Ancient Monuments

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Two cairns and a cist on the western slope of Great Gnats' Head

A Scheduled Monument in Sheepstor, Devon

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Latitude: 50.4956 / 50°29'44"N

Longitude: -3.9581 / 3°57'29"W

OS Eastings: 261210.195341

OS Northings: 68031.94916

OS Grid: SX612680

Mapcode National: GBR Q5.C915

Mapcode Global: FRA 27LR.9SM

Entry Name: Two cairns and a cist on the western slope of Great Gnats' Head

Scheduled Date: 25 September 1997

Source: Historic England

Source ID: 1016146

English Heritage Legacy ID: 10752

County: Devon

Civil Parish: Sheepstor

Traditional County: Devon

Lieutenancy Area (Ceremonial County): Devon


This monument, which falls into two areas, includes two round cairns and a
cist situated on a west facing slope of Great Gnats' Head overlooking the
valley of the River Plym. These cairns form part of a dispersed group of
funerary monuments. The cist survives as a 0.91m long, 0.81m wide and 0.78m
deep pit, denoted on the north and south sides by edge set stones. The eastern
end slab has been displaced and now lies between the two side stones. A very
slight mound standing up to 0.2m high surrounds the cist but this was probably
constructed when the cist was partly restored following excavation in 1901.
This work revealed a pit dug into the floor of the cist, but no artefacts were
recovered. A cairn lies 4m south of the cist and this survives as a 4m
diameter and 0.2m high mound. This cairn was also investigated in 1901 and
found to cover a circular, carefully paved area lying on top of a large flat
stone. The final cairn lies 70m to the ENE and survives as 3.3m diameter and
0.5m high mound.

The site of the monument is shown on the attached map extract.
It includes a 2 metre boundary around the archaeological features,
considered to be essential for the monument's support and preservation.

Source: Historic England

Reasons for Scheduling

Dartmoor is the largest expanse of open moorland in southern Britain and,
because of exceptional conditions of preservation, it is also one of the most
complete examples of an upland relict landscape in the whole country. The
great wealth and diversity of archaeological remains provide direct evidence
for human exploitation of the Moor from the early prehistoric period onwards.
The well-preserved and often visible relationship between settlement sites,
major land boundaries, trackways, ceremonial and funerary monuments as well as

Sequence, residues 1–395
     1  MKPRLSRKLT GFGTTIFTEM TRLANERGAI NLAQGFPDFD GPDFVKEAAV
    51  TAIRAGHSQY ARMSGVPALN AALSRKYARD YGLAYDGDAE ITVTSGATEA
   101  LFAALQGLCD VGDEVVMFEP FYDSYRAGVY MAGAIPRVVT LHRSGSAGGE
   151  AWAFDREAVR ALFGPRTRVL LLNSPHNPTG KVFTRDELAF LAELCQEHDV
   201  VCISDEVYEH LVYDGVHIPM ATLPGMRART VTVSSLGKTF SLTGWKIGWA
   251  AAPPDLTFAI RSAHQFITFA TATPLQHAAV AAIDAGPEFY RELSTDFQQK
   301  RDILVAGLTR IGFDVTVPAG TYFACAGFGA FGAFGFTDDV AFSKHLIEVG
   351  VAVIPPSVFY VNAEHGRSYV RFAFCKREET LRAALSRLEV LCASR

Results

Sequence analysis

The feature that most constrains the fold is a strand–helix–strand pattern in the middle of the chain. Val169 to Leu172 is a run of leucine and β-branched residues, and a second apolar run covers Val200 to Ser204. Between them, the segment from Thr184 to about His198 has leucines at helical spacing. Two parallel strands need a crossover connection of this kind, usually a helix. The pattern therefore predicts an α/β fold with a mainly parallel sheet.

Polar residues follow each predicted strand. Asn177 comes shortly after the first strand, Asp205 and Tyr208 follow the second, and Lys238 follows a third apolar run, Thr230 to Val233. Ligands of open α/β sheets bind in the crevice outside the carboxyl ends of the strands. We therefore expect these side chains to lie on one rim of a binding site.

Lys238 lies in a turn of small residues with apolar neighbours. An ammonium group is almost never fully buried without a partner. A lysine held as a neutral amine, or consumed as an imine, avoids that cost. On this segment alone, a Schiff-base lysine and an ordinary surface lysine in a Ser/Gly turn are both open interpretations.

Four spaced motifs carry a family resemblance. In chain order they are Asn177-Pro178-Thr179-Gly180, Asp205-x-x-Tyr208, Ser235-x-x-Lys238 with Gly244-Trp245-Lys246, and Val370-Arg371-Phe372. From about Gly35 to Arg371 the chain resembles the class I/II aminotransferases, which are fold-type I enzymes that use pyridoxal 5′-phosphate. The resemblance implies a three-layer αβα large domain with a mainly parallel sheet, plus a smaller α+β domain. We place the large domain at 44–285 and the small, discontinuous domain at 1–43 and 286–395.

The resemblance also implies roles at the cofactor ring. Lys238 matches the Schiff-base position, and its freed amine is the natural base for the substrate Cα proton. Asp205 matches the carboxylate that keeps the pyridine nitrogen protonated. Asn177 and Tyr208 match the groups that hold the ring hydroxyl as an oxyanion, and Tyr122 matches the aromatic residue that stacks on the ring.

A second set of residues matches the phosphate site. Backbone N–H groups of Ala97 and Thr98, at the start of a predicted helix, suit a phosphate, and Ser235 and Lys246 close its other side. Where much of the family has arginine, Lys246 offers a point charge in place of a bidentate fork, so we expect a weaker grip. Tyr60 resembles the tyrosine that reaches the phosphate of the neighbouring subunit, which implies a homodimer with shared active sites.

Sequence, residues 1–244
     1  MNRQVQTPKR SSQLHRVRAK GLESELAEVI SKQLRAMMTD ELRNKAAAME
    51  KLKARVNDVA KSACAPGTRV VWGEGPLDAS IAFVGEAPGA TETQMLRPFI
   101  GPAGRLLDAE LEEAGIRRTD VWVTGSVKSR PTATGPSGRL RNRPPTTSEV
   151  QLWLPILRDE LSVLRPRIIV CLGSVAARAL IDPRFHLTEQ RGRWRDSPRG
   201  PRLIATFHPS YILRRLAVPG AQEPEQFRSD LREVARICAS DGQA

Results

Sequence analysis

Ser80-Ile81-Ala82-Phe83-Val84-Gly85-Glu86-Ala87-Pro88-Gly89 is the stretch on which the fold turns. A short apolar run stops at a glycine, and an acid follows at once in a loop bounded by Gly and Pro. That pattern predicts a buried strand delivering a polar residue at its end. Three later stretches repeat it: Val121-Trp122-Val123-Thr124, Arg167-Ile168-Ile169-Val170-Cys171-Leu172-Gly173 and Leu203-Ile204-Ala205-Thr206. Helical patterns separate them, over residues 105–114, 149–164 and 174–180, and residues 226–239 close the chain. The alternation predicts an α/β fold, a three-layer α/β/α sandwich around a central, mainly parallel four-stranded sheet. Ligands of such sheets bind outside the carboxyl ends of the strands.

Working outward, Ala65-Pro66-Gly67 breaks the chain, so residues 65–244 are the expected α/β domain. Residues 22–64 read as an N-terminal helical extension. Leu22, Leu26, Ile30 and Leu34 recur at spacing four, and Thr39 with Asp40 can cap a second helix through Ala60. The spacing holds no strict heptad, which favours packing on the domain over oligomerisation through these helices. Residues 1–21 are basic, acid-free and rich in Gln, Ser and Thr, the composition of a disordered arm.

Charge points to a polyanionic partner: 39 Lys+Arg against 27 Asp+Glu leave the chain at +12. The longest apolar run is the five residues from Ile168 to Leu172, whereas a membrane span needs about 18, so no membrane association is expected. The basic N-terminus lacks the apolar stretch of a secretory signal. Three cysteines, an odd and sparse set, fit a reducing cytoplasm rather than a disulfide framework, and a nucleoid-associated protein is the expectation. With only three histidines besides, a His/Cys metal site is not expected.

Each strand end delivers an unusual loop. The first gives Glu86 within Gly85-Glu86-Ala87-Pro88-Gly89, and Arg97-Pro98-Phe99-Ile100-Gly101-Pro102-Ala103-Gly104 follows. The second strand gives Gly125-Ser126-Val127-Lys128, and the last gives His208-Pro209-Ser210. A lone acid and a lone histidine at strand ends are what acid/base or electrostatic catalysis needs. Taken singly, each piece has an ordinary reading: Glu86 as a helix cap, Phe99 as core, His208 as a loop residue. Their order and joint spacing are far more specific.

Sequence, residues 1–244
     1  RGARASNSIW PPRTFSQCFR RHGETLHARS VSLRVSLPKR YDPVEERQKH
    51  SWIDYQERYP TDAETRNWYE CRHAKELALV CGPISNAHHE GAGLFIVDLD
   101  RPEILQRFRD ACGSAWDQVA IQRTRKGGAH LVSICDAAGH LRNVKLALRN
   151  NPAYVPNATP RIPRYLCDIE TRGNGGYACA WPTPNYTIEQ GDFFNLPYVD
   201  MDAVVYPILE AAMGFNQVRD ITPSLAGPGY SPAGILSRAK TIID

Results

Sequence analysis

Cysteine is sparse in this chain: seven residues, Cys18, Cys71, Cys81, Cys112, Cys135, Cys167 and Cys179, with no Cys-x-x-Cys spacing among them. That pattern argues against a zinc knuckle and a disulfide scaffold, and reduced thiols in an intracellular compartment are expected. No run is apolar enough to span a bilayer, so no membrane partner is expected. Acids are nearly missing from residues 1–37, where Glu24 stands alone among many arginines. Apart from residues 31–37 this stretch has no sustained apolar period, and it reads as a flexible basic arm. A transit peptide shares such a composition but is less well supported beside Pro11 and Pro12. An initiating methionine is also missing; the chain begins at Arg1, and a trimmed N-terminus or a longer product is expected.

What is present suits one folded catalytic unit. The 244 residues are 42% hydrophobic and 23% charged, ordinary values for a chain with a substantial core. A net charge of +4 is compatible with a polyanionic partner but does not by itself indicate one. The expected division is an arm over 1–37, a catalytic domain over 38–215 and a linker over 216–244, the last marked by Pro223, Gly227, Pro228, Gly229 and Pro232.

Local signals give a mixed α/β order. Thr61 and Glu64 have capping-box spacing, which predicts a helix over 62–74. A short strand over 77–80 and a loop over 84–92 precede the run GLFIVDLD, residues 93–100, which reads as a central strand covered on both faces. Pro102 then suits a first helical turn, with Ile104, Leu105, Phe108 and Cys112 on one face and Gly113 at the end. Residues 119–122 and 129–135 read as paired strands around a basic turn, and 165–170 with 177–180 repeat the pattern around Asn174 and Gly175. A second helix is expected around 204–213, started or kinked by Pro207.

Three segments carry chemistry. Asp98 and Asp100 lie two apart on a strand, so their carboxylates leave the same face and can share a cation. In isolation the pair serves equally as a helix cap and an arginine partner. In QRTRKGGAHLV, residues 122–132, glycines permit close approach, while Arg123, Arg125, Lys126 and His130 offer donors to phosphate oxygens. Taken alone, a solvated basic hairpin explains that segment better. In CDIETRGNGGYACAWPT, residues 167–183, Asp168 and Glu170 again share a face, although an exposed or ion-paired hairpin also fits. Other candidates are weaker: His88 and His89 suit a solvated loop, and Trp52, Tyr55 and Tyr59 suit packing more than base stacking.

later industrial remains, gives significant insights into successive changes
in the pattern of land use through time. Round cairns are prehistoric funerary
monuments dating to the Bronze Age (c.2000-700 BC). They were constructed as
earthen or rubble mounds, the latter predominating in areas of upland Britain
where such raw materials were locally available in abundance. Round cairns may
cover single or multiple burials and are sometimes surrounded by an outer
ditch. Often occupying prominent locations, they are a major visual element in
the modern landscape. Their considerable variation in form and longevity as a
monument type provide important information on the diversity of beliefs and
social organisation amongst early prehistoric communities. They are
particularly representative of their period and a substantial proportion of
surviving examples are considered worthy of protection. Dartmoor provides one
of the best preserved and most dense concentrations of round cairns in south-
western Britain.

The two cairns and cist on the western slope of Great Gnats' Head survive
comparatively well, form part of a discrete group of cairns and are known from
part excavation to contain archaeological and environmental evidence relating
to the monument and the landscape in which it was constructed. This monument
forms part of a well preserved, extensive and complex archaeological

Source: Historic England


Books and journals
Butler, J, Dartmoor Atlas of Antiquities, (1994), 155
Thackray, C., The Upper Plym Valley: The management of an historic landscape, 1994, Archaeological Site Inventory
Thackray, C., The Upper Plym Valley: The management of an historic landscape, 1994, Archaeological Site Inventory

Source: Historic England

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